400ml 420ml in volume, 85mm in outside diameter, and 90mm high (get it?). These are priced at $49.69 and are in stock now at Dangle Supply.
There is a case for wilderness in the American West, which is defined in the Oxford dictionary as “an uncultivated, uninhabited, and inhospitable region.” The problem is, this classification was written by colonizers and erasers of indigenous history. Humans have long inhabited these areas, before the Spanish or the Pilgrims infiltrated these lands, long before it was called New Mexico.
This topic is a heated one. Organizations like the Sierra Club lead the way in this classification, establishing rules about who can or can’t visit these lands: for instance, cyclists. I’m not here to talk about whether or not bikes should be allowed in areas classified as wilderness, so let’s step back a bit and discuss what that word, wilderness, means in the context of the original inhabitants of the Americas.
While we’ve all been staying local, our minds are out on the road. Summertime is for road trips and part of that experience is camping along the way. At least for us. While ground tents get the job done, it’s hard to deny the allure of sleeping anywhere you can park your car in a roof top tent. Be it at the trailhead, bike races, or at a basecamp for hub-n-spoke rides or bicycle tours, lightweight, easy to deploy RTTs are taking over. Go Fast Campers have just announced the lightest tent with the biggest interior and thinnest, most compact design on the market.
The SuperLite is just 80lbs, which is light enough for one person to install. It has a massive sleeping area of 50″x90″ thanks to the wedge design and features panorama windows on three sides with a screen option. Best of all, when it’s closed up, it’s only 6″ thick, so you can still pull into garages and carports.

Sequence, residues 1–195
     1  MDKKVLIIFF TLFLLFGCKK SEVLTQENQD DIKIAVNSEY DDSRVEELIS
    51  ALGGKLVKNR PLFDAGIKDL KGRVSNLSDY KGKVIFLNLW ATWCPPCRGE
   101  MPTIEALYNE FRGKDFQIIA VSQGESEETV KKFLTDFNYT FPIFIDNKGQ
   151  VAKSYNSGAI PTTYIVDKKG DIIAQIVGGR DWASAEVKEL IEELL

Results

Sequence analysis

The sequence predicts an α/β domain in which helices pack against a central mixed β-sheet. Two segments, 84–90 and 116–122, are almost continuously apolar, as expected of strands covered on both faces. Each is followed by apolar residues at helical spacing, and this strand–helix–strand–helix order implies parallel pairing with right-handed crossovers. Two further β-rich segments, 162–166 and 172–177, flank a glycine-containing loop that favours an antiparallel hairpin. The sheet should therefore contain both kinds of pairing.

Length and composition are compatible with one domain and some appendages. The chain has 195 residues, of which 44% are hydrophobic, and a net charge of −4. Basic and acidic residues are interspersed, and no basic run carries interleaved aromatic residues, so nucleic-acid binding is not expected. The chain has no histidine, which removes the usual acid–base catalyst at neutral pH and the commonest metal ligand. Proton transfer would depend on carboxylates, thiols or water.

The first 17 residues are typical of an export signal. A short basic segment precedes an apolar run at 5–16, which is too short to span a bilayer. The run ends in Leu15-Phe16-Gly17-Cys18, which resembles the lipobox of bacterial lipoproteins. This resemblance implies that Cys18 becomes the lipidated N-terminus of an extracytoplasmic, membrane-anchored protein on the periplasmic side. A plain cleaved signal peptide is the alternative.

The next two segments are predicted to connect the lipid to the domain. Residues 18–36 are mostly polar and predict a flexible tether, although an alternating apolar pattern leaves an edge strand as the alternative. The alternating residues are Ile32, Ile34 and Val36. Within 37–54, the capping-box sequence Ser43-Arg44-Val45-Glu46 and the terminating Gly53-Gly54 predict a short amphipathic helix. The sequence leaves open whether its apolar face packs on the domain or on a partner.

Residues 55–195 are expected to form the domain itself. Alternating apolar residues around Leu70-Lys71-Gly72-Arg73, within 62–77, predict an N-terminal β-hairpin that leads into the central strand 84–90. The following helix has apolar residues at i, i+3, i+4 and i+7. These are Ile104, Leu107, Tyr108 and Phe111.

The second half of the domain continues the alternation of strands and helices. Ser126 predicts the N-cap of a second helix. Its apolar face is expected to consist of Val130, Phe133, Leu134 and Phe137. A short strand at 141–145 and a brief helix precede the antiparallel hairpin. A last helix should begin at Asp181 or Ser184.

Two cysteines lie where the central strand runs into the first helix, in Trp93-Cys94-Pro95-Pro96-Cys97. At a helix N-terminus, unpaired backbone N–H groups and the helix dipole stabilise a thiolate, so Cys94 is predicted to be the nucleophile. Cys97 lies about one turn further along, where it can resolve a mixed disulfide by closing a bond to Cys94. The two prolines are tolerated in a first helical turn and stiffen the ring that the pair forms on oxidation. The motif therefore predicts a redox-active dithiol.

Pricing starts at $1299. The SuperLite is available now for pre-order with an estimated fulfillment beginning in November 2020 just in time for holiday travel. Hey, let’s hope 2020 has some weeks of salvageable travel!
Tucked away in a sparsely populated region of Northern California, at the northern terminus of the Sierra Nevada range lies a land of dense, rolling forests, deep canyons, cold clear streams, and jagged peaks that tower over teal, post-glacial lakes. And weaving their way through this serenely beautiful landscape is a network of ever-growing trails, the vast majority of which can be traversed by bike.
Our friends at Latigo Coffee hold annual Campouts in the areas around their operations on the Central California Coast. Last year’s event took them to Kernville, a veritable gravel and mountain bike mecca, for some riding, running, swimmin’, good times, music, and of course coffee! Check out their vibes-heavy video.